Much is being made of the physical resemblance that Kutcher bears to the real Steve Jobs.
By Bryan Alexander, USA TODAY
Meet Apple co-founders Steve Jobs and Steve Wozniak - version 2.0.
That's the promise and premise of Jobs,
a biopic due in April in which Ashton Kutcher (as Jobs) and Josh Gad
portray the budding tech titans during the company's early days in the
1970s. The film, directed by Joshua Michael Stern, makes its world
premiere as the closing-night film for the Sundance Film Festival on
Gad, who also stars in the new NBC sitcom 1600 Penn
(he's also co-creator and executive producer), says he was blown away
after noticing the physical similarities that Kutcher has to the
visionary Jobs, who died of pancreatic cancer in October 2011.
is an eerie resemblance - he didn't have to do much to get there,''
says Gad. "When he showed up, it sent a ripple of shock throughout the
set. Everyone was like, 'We're in the presence of Jobs. Let's go do
this.' It was literally like being in the room with the creator of
Apple. This is one of those roles that's the perfect fit."
too, studied "literally hundreds" of hours of Wozniak footage and read
everything he could find on the visionary computer engineer. He even
took programming courses to tap into the mind-set. "This was definitely
outside my wheelhouse. I felt like I was going to college."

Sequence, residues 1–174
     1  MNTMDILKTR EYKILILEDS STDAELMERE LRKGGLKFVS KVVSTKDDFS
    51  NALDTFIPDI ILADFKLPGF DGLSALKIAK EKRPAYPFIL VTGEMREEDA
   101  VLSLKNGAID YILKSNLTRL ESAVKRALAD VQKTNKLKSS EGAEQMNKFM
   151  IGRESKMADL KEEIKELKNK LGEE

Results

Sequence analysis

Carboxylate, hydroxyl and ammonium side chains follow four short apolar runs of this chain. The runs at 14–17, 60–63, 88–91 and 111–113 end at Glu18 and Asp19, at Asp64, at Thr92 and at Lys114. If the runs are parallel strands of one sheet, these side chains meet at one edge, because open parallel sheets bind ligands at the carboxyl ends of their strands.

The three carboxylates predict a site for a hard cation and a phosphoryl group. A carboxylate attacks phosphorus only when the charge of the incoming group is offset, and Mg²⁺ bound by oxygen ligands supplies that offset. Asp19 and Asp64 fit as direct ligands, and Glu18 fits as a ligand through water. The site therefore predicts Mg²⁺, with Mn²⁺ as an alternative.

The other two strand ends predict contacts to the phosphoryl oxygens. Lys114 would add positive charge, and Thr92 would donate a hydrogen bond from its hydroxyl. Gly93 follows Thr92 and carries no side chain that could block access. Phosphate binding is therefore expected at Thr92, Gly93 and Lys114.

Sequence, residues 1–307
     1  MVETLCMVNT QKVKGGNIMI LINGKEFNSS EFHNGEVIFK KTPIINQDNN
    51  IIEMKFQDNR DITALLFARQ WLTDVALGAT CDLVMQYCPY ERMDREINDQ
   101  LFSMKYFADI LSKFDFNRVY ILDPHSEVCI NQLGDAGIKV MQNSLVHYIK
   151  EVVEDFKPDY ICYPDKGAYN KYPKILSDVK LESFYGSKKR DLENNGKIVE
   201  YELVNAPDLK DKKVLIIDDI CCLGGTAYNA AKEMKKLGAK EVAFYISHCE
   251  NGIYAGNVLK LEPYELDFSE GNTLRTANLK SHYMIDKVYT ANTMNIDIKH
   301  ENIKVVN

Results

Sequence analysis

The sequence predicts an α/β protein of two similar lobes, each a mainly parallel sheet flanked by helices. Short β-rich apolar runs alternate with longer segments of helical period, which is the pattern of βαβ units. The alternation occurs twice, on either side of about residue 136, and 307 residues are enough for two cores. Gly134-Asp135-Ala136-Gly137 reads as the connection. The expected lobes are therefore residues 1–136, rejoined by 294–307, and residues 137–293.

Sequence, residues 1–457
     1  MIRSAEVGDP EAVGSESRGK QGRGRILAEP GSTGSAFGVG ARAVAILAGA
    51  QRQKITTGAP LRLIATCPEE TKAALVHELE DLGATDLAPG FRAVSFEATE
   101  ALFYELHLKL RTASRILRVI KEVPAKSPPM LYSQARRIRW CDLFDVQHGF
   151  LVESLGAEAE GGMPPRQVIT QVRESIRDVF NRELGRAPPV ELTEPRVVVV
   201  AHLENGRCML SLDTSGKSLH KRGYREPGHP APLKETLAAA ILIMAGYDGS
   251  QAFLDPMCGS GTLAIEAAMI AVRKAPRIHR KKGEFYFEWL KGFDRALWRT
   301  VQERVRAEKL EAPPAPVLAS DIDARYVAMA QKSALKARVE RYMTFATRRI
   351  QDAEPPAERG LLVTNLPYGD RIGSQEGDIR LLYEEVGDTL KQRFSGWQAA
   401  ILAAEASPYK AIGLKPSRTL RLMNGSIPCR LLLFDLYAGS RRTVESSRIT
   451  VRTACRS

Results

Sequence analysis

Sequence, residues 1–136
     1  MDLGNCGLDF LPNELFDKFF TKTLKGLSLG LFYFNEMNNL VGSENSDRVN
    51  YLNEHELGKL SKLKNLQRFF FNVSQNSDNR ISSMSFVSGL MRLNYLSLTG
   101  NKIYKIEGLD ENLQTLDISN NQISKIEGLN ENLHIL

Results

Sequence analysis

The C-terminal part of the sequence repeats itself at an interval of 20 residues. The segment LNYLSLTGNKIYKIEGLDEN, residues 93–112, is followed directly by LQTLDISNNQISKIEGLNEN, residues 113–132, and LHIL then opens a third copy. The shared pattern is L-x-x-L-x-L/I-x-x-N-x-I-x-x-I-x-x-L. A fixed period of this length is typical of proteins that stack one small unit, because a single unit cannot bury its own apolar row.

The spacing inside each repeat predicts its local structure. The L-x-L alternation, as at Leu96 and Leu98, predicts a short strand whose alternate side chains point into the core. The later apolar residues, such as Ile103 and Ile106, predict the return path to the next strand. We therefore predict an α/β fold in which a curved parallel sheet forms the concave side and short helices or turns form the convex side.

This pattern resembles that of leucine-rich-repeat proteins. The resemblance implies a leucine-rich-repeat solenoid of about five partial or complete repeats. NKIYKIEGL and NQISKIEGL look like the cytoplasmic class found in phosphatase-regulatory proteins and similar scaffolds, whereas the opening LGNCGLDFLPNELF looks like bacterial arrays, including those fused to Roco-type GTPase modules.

Gad's transformation was even more radical coming off a starring role in Broadway's The Book of Mormon
where he played clean-cut Elder Arnold Cunningham. To go full Wozniak,
he had to apply a fake beard and have his hair straightened every
"Unfortunately it was a grueling two-hour process each
day, where my face felt like it needed to be ripped off," says Gad. "The
first night I went to bed, I was literally stuck to my pillow. It was
sick, sick glue."
Theneed to get Wozniak right was imperative because of the tremendous impact he had on Jobs' historical arc.
a way, it's a love story between these two men," says Gad. "And their
journey is full of heartbreak and some different parting-of-ways
"The combination of Jobs' ambition and design and Woz's
technical genius provided us with one of the most revolutionary tools
ever created - the personal computer," says Kutcher.
has a separate big-screen adaption on the life of Jobs underway based
on Walter Isaacson's best-selling authorized biography, with the
screenplay by The Social Network's Aaron Sorkin. But Jobs,
which was picked up by Open Road Films, is the first out of the gate
and follows the title character through the beginnings of Apple in the
1970s to the launch of the first iPod in 2001.
The film even
chronicles the very Palo Alto, Calif., garage where Apple began, with
the historic setting serving as a key location in the film.
were blessed with the opportunity to actually shoot in that garage,"
says Gad, who admits to being an iPhone junkie himself. "It was so eerie
to go back there and think, 'This is where it all started.' And then
you notice everyone texting on their iPhone. It was otherworldly."